This paper, drawing on the notion of symbolic competence and insights from complexity theory, investigates the multilingual practices of university students in group discussions. The data analysis reveals that the protagonists' language uses index the various ways in which their rehearsal of potential identities, language ideologies, histories, and cultural memories are realized in the ongoing discourse. The findings indicate that language choice is not dictated by pre-existing and permanent value assigned to the languages, but is influenced by the interlocutors' subjective perceptions of the shifting dynamics within interactions. Furthermore, the findings show that multilingual speakers show 'semiotic awareness' and the ability to manipulate, shape and reconstruct their environment on different timelines and space scales. It is also suggested that, as globalization has led to more and more multilingual communication, it would be desirable for teachers and educators to develop students' symbolic competence to make them aware of both communicative and intercultural competences, and to enable them exploit social categories, the symbolic power relations of different languages and the legitimacy of languages to shape multilingual settings. Copyright © 2015 De Gruyter.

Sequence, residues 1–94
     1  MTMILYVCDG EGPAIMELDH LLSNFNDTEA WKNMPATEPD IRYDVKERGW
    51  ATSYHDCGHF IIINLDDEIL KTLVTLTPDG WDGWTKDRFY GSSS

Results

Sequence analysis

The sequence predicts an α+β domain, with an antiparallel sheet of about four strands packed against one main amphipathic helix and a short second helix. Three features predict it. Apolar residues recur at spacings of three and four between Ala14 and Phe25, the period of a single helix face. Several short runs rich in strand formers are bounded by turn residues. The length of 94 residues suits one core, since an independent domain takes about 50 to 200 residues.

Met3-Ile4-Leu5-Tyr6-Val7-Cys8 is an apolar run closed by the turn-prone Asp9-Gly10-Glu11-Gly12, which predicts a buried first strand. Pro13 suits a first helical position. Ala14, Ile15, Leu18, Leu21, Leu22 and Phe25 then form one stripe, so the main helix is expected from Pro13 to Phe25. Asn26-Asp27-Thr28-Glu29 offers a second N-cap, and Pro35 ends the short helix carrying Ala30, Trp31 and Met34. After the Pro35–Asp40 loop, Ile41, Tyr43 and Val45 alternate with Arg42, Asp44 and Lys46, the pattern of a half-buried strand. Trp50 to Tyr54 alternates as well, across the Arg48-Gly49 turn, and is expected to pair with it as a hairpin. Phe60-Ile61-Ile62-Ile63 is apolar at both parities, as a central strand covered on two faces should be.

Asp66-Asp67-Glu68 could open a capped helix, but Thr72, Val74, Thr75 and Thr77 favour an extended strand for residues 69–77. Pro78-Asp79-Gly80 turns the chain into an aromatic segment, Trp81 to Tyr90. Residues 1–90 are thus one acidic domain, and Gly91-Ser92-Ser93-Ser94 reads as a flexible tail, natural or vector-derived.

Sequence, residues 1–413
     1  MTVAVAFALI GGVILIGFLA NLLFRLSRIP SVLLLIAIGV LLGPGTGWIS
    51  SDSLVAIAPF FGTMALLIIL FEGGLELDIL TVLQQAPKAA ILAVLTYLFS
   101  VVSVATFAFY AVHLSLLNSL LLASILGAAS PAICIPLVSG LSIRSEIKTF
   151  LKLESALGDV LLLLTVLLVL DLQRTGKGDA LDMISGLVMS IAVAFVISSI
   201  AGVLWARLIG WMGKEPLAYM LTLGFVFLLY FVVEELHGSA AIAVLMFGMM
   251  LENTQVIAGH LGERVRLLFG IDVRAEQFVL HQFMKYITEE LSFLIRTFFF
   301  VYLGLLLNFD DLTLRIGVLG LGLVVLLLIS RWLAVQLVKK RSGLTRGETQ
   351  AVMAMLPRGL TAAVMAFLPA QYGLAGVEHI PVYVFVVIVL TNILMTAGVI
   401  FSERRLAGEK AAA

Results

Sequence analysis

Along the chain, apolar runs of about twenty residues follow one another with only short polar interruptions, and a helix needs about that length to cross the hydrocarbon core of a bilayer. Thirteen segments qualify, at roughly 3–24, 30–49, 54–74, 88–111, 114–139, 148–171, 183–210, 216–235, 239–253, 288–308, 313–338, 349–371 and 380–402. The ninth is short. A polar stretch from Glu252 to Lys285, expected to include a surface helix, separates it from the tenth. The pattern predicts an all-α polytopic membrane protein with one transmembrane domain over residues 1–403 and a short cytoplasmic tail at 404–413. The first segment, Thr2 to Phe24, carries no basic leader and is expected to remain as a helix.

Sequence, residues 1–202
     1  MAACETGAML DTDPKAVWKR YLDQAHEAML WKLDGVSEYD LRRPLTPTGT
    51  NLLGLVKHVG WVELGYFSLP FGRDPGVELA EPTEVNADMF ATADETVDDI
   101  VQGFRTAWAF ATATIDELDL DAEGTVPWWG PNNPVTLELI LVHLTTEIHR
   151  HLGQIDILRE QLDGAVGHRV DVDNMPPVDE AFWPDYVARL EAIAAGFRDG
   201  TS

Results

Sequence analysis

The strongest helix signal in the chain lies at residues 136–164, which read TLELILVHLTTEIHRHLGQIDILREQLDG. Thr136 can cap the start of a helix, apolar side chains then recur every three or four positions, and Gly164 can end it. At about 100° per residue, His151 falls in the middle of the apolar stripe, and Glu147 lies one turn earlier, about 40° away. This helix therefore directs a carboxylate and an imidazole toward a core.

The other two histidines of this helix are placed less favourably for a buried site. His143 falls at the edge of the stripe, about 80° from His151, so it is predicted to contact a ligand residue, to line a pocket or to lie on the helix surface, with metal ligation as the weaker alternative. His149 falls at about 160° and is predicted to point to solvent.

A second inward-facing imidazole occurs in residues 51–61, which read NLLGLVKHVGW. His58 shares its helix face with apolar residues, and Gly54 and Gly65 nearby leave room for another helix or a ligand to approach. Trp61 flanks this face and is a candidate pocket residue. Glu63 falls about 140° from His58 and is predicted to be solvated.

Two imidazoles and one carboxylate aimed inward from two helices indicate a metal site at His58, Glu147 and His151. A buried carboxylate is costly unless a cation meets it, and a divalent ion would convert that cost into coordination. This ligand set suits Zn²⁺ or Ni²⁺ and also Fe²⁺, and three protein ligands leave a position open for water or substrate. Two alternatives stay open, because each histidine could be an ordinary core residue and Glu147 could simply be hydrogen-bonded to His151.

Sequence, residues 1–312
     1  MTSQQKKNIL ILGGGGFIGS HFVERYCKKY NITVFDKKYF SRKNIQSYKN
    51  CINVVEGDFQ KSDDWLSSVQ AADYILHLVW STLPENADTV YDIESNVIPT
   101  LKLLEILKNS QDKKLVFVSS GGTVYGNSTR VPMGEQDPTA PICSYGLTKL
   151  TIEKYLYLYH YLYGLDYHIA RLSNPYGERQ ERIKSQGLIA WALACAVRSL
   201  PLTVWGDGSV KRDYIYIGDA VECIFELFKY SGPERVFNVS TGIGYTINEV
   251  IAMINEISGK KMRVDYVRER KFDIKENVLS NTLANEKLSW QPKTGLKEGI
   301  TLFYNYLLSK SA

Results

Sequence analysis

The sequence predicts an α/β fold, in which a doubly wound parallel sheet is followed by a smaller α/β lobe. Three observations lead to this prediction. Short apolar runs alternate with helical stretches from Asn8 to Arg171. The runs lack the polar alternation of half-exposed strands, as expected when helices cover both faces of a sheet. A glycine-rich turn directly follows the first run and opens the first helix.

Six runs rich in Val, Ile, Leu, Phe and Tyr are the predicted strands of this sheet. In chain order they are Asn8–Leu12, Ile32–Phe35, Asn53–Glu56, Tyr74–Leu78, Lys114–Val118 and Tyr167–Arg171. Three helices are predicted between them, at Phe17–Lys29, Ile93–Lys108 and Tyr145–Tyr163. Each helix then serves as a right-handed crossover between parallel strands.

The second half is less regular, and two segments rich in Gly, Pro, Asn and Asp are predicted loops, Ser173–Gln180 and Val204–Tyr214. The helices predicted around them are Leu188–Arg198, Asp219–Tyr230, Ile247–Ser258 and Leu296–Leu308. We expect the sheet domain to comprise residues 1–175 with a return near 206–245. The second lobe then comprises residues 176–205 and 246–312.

CitationGu, M. (2017). Symbolic competence in multilingual interactions in a university setting: A complexity analysis. Multilingua, 36(1), 59-88. doi: 10.1515/multi-2014-0070
- Symbolic competence
- Complexity theory
- Multilingual interaction